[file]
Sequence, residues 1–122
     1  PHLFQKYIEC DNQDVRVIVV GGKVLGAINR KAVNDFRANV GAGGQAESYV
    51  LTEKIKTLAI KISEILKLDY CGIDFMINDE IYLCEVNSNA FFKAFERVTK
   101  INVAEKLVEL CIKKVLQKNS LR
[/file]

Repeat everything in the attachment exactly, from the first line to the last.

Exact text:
Sequence, residues 1–122
     1  PHLFQKYIEC DNQDVRVIVV GGKVLGAINR KAVNDFRANV GAGGQAESYV
    51  LTEKIKTLAI KISEILKLDY CGIDFMINDE IYLCEVNSNA FFKAFERVTK
   101  INVAEKLVEL CIKKVLQKNS LR